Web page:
Reduced activity again with only one large fighter sweep during the afternoon. German invasion cancelled indefinitely.

Night: Heavy attacks against London. Merseyside and Glasgow also raided.

Weather: Squally showers with thunder and bright intervals.

Main Activity:

The continued strength of both Fighter and Bomber Commands of the RAF and an adverse weather report for the coming week led Hitler on this day to postpone Operation Seelöwe until further notice and he issued a directive to this effect. A high state of preparedness was, however, to be maintained. The naval staff war diary recorded that an order from the Führer to carry out Sealion was still to be expected at any time, and that if the air and weather situations permitted, the invasion might be got under way as late as October.

The weather was unsuitable for mass raids on London, and in accordance with Göring’s directive of the 16th, Luftflotte 2 sent waves of fighters across, with a few bombers as bait, in the hope of luring 11 Group into an unprofitable battle.

Seven to eight main raids totaling some 250 aircraft built up over France and crossed the coast at Lympne, Dover and Deal at 15,000 feet. Intercepting RAF fighters found that the majority of the formations were Bf 109s and the twenty-eight squadrons put up succeeded in turning them back over Maidstone. A few bombs were dropped, and British losses were only five aircraft (one pilot killed and two wounded) out of the 544 sorties flown. Luftwaffe casualties totaled eight aircraft for the whole twenty-four hours.

By night the German Air Force returned at full strength with 268 bombers over London arriving in a stream via Dungeness and Selsey Bill. Much residential damage was done. It was the turn of the big department stores with John Lewis’s in Oxford Street almost completely burnt out, and both Bourne and Hollingsworth and D. H. Evans hit. By this time 30,000 Londoners had lost their homes.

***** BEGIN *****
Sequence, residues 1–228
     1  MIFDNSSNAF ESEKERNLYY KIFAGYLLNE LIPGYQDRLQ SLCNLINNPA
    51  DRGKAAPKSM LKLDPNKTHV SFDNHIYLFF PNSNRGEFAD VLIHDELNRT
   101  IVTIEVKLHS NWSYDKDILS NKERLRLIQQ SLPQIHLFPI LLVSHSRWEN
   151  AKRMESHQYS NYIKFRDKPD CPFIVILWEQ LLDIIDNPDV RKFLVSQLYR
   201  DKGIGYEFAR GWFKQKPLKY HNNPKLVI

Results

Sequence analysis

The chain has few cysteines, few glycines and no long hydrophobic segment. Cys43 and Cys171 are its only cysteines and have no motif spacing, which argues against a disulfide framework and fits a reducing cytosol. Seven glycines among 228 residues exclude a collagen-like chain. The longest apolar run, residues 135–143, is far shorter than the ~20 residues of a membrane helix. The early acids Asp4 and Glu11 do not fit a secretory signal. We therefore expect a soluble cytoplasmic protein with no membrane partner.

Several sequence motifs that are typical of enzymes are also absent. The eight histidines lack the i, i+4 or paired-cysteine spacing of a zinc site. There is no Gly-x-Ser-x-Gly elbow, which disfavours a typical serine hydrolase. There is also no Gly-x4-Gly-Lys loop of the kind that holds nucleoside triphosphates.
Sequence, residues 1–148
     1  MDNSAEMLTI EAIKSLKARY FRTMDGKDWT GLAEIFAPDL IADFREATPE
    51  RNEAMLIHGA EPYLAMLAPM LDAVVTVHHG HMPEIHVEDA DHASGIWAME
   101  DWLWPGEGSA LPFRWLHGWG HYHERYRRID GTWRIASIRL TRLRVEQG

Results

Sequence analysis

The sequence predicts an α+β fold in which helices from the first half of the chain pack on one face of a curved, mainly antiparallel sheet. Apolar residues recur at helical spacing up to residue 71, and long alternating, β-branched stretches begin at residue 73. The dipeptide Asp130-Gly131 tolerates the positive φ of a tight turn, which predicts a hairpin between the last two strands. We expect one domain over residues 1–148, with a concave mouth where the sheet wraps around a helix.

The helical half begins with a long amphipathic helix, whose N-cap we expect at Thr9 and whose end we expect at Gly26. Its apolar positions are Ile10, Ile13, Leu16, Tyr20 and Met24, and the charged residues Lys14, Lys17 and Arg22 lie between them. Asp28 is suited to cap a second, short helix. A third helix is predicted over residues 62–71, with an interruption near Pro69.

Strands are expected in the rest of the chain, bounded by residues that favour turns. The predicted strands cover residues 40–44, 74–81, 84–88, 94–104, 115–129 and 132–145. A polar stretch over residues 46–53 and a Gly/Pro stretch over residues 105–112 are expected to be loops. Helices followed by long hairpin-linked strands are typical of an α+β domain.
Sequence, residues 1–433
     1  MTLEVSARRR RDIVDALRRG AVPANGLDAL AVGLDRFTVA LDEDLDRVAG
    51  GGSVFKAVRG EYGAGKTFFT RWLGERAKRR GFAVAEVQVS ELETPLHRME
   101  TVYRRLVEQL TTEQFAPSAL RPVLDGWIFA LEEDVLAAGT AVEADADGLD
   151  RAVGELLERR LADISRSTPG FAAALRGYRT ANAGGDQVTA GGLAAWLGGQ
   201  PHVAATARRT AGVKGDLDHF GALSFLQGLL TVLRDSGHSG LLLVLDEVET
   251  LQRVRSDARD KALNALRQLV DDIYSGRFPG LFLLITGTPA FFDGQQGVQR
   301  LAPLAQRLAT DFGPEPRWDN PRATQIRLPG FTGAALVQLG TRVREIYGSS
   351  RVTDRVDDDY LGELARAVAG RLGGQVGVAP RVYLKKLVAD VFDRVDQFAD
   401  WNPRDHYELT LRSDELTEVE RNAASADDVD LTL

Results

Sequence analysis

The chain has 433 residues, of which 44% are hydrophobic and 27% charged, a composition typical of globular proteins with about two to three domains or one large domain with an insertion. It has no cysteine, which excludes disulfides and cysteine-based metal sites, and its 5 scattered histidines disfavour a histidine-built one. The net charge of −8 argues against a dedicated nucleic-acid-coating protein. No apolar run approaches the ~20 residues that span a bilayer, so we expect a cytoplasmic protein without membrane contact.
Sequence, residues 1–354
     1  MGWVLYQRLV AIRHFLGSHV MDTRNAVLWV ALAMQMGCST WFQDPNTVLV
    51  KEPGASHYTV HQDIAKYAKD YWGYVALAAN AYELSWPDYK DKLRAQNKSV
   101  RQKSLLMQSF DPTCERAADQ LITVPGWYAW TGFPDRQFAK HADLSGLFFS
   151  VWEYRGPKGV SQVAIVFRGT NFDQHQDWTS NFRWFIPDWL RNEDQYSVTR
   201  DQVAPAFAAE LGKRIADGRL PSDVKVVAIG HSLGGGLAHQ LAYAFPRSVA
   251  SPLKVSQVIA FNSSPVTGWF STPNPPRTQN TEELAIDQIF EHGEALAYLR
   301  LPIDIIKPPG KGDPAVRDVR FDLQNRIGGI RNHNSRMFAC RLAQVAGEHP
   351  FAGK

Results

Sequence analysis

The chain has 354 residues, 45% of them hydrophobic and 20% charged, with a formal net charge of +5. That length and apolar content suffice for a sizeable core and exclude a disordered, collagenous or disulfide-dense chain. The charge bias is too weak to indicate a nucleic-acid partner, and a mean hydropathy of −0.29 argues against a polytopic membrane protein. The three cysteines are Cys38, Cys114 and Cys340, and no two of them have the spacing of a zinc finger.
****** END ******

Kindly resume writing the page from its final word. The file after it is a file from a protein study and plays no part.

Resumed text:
By way of diversion, a few raiders undertook the long flights to Merseyside and to Glasgow. Fighter Command put up thirty-eight single-engined fighter sorties, but they groped in vain, except for a Defiant of 141 Squadron which shot down a Ju 88 near Barking at 11.30.

While the Germans concentrated on London with the A.A. barrage the only opposition. Bomber Command was out in force attacking the barges, transport and munitions being mustered for invasion. Throughout the Battle and afterwards, in its historical surveys, the Luftwaffe always spoke disparagingly of the RAF’s offensive efforts from July to October 1940. The German naval staff, however, were under no illusions, as they were at the receiving end.

On this night Bomber and Coastal commands, also taking advantage of the full moon, despatched aircraft to Dunkirk, Calais, Boulogne, Cherbourg and den Helder. The following morning the German naval staff described losses as ‘Very considerable’. At Dunkirk twenty-six barges were sunk or badly damaged and fifty-eight slightly damaged. A tremendous explosion heralded the detonation of 500 tons of stored ammunition, while a ration depot and dock-handling equipment were destroyed. At the other ports buildings were smashed and a steamer and a torpedo-boat sunk.

Excerpt from The Narrow Margin by Derek Wood & Derek Dempster

German Losses
Airmen: 14 | Aircraft: 8

British Losses
Airmen: 3 | Aircraft: 6

Hurricane P3820, No. 501 Squadron
Sgt E.J. Egan killed. Shot down in sudden attack by Bf 109. Aircraft burst into flames. Pilot did not bale out.

Hurricane P3933, No. 607 Squadron
Sgt J. Lansdell killed. Shot down during combat with Bf 109. Failed to bale out.

Hurricane V7529, No. 504 Squadron
Sgt D.A. Helcke killed. Lost control during attacking practice and failed to bale out.

Photo Descriptions:

  1. A wide view of the bomb-damaged shell of the John Lewis department store on London’s Oxford Street, following an air raid on 17 September 1940.
  2. Shop mannequins are among the debris that litters the pavement outside the John Lewis department store on London’s Oxford Street, following an air raid on London. Windows have been blown out and awnings damaged.
  3. A scene of devastation in the Docklands area of London attacked by German bombers on 17 September 1940.